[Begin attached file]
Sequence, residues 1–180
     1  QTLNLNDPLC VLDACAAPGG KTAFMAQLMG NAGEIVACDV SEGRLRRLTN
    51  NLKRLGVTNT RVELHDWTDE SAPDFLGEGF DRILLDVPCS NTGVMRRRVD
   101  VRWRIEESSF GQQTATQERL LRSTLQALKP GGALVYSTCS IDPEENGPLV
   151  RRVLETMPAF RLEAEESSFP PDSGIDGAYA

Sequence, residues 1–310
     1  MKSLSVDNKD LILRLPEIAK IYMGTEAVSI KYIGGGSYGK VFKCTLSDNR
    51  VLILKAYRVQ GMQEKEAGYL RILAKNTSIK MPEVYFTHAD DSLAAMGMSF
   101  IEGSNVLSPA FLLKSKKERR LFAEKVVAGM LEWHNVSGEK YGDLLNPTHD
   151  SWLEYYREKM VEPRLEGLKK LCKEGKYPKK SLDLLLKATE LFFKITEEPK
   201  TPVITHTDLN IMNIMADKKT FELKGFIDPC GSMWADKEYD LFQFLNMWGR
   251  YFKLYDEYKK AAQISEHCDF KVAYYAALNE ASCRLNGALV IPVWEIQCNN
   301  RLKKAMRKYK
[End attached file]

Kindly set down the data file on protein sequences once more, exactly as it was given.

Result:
Sequence, residues 1–180
     1  QTLNLNDPLC VLDACAAPGG KTAFMAQLMG NAGEIVACDV SEGRLRRLTN
    51  NLKRLGVTNT RVELHDWTDE SAPDFLGEGF DRILLDVPCS NTGVMRRRVD
   101  VRWRIEESSF GQQTATQERL LRSTLQALKP GGALVYSTCS IDPEENGPLV
   151  RRVLETMPAF RLEAEESSFP PDSGIDGAYA

Sequence, residues 1–310
     1  MKSLSVDNKD LILRLPEIAK IYMGTEAVSI KYIGGGSYGK VFKCTLSDNR
    51  VLILKAYRVQ GMQEKEAGYL RILAKNTSIK MPEVYFTHAD DSLAAMGMSF
   101  IEGSNVLSPA FLLKSKKERR LFAEKVVAGM LEWHNVSGEK YGDLLNPTHD
   151  SWLEYYREKM VEPRLEGLKK LCKEGKYPKK SLDLLLKATE LFFKITEEPK
   201  TPVITHTDLN IMNIMADKKT FELKGFIDPC GSMWADKEYD LFQFLNMWGR
   251  YFKLYDEYKK AAQISEHCDF KVAYYAALNE ASCRLNGALV IPVWEIQCNN
   301  RLKKAMRKYK